WILLIAMS: I think that is to me one of the great troubles, because it is so divisive. You can't have a conversation.

GUILFOYLE: Dana.

PERINO: But two reasonable people can look at something like the financial crisis of 2008 and they can say I think it's because the government and the Bush administration did not step in and save them. Others would say they couldn't step in because the cause was something else. Those are things you can talk about that and could come to different conclusions. When you are talking about how many people showed up to a certain event, that's not something you can look at and say, well, I think there's more people. If you are talking about the totality of people around the world, yes. But the number of people standing there in the moment, that's not something that is questionable, those are just facts.

GUILFOYLE: For example, we have three people in the audience that are friends of Dana watching our show today.

(CROSSTALK)

GUILFOYLE: But sometimes the best seat in your house is the one in your home, right. We have a huge amount of viewers. All right. President Trump taking action today to make our economy great again, signing new executive orders of the White House. He also revealed some of his plans to bring manufacturing to America, next on The Five.

(COMMERCIAL BREAK)

BOLLING: A very busy Monday for President Trump, at the White House fulfilling promises he made on the campaign trail. He signed three executive orders. One to put a freeze on the hiring of federal workers outside of the military, another banning federal aid to any groups that provide abortions overseas. But the one making the biggest headlines today is the order pulling the U.S. out of the TPP, the Trans-Pacific Partnership trade deal. Executive order on NAFTA could be coming later, very shortly as well. So we will take a shot with this. Dana, the three we thought, we speculated on, TPP, I thought maybe immigration, as well, but TPP seems to be the one that's bubbling the biggest. But we knew that was coming.

PERINO: Yes, definitely. I think Hillary Clinton, had she won, would have done similar actions because everybody on the trail said it was dead from Bernie Sanders, to Hillary Clinton and Donald Trump. And I don't remember anyone else on the Republican side saying that. So, yes, I think that was likely to happen. The next one is the policy, that is where you don't allow American taxpayers that are going overseas and NGOs, nongovernmental organizations, that would counsel on family planning for abortions specifically. That doesn't mean you couldn't do contraception planning, but abortion in particular. George W. Bush had that in place as well as previous Republican presidents had. President Obama rescinded that on his first day in office. And Donald Trump has restored it for the pro-life community, which is going to have its march this Saturday, they will have something to be very happy about.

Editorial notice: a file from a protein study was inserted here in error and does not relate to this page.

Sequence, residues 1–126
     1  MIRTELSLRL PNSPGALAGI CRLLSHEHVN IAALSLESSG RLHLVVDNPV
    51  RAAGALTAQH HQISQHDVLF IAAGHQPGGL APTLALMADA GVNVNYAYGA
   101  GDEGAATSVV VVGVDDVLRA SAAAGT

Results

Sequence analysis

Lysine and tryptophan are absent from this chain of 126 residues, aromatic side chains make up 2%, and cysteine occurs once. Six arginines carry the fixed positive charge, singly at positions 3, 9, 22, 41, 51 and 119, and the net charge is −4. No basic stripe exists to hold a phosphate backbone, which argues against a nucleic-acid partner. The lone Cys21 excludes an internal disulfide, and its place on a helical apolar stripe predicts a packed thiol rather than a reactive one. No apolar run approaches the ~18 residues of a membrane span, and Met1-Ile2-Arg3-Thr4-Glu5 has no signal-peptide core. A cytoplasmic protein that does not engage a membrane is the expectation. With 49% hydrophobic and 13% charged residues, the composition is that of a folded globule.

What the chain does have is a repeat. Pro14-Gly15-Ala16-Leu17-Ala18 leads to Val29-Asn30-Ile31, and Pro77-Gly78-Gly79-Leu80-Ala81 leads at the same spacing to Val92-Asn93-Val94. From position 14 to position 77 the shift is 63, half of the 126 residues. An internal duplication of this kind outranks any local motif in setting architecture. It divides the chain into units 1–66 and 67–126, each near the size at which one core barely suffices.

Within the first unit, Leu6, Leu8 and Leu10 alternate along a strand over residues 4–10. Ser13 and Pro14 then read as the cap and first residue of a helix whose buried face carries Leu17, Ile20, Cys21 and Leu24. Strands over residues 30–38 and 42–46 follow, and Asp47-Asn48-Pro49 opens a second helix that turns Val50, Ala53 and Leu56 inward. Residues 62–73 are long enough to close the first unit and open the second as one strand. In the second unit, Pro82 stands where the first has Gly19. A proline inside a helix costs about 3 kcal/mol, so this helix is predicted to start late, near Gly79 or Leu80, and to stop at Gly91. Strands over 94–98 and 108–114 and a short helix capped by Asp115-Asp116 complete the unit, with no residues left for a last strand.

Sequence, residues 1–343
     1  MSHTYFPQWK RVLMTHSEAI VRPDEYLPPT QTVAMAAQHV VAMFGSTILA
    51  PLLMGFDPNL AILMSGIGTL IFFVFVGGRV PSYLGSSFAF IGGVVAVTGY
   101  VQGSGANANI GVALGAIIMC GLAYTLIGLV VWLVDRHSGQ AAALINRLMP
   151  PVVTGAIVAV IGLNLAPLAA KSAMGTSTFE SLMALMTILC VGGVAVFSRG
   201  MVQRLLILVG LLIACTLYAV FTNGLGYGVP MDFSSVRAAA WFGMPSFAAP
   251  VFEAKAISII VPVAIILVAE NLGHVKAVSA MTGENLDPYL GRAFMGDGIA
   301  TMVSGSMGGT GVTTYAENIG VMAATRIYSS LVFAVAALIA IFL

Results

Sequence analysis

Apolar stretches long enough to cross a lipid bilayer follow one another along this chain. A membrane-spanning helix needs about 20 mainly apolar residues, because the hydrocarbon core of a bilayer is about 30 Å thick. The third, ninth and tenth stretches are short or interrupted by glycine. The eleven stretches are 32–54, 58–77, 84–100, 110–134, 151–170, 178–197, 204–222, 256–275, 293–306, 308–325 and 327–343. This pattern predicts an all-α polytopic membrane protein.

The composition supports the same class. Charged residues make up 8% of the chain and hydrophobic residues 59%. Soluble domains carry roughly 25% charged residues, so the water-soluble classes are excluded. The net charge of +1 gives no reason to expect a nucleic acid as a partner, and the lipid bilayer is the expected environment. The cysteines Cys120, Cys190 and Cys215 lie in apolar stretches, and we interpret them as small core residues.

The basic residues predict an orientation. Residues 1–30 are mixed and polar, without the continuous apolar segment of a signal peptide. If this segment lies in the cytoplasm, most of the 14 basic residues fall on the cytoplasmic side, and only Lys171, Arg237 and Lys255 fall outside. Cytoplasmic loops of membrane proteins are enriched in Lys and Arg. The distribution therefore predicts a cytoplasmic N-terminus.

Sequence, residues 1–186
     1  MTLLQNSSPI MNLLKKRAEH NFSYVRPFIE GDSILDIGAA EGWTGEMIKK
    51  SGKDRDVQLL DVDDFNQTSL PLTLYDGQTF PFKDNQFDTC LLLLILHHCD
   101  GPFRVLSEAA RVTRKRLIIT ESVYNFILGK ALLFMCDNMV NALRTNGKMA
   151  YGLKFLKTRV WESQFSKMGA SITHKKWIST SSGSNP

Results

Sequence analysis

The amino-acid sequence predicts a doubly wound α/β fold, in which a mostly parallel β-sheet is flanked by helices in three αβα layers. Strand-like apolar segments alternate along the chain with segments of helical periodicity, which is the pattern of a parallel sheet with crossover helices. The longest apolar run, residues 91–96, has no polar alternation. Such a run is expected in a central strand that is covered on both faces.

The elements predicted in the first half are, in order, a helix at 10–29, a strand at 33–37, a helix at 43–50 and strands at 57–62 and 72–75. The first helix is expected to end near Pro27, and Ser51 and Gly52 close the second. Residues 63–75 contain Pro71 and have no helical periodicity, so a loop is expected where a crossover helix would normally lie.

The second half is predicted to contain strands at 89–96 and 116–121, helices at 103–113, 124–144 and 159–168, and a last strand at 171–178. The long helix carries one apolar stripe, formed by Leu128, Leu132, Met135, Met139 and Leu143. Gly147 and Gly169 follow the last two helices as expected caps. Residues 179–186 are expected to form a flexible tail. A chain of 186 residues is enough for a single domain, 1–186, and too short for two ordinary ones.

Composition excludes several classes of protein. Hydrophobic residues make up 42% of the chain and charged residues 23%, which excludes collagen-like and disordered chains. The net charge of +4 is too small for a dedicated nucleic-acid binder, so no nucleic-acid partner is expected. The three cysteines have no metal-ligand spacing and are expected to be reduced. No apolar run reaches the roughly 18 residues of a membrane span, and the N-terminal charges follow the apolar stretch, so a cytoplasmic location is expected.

BOLLING: Your thoughts?

GUILFOYLE: Yeah, I think this was a very strong move and also very consistent. The one thing we've always said is he's going to do this, he has a movement across the country, he has to honor the promises that he made. And this, with a stroke of the pen, was indicative of his intention to keep that promise and to really focus on working families across this country that have seen so many lucrative manufacturing jobs travel and go overseas. Now, I think right now this is you know symbolic, it's a first step in the right direction in terms of what he intends.

BOLLING: Greg.

GUTFELD: I'm very skeptical of being happy over TPP going away because the left is happy. Socialists are thrilled because they thought it was going to harm the environment, because there was more trade. The translation, capitalism is bad

GUILFOYLE: Right.

GUTFELD: In any way that you can stop it. But I will say this, we live in a world right now where you need permits for lemonade stands.

GUILFOYLE: Literally.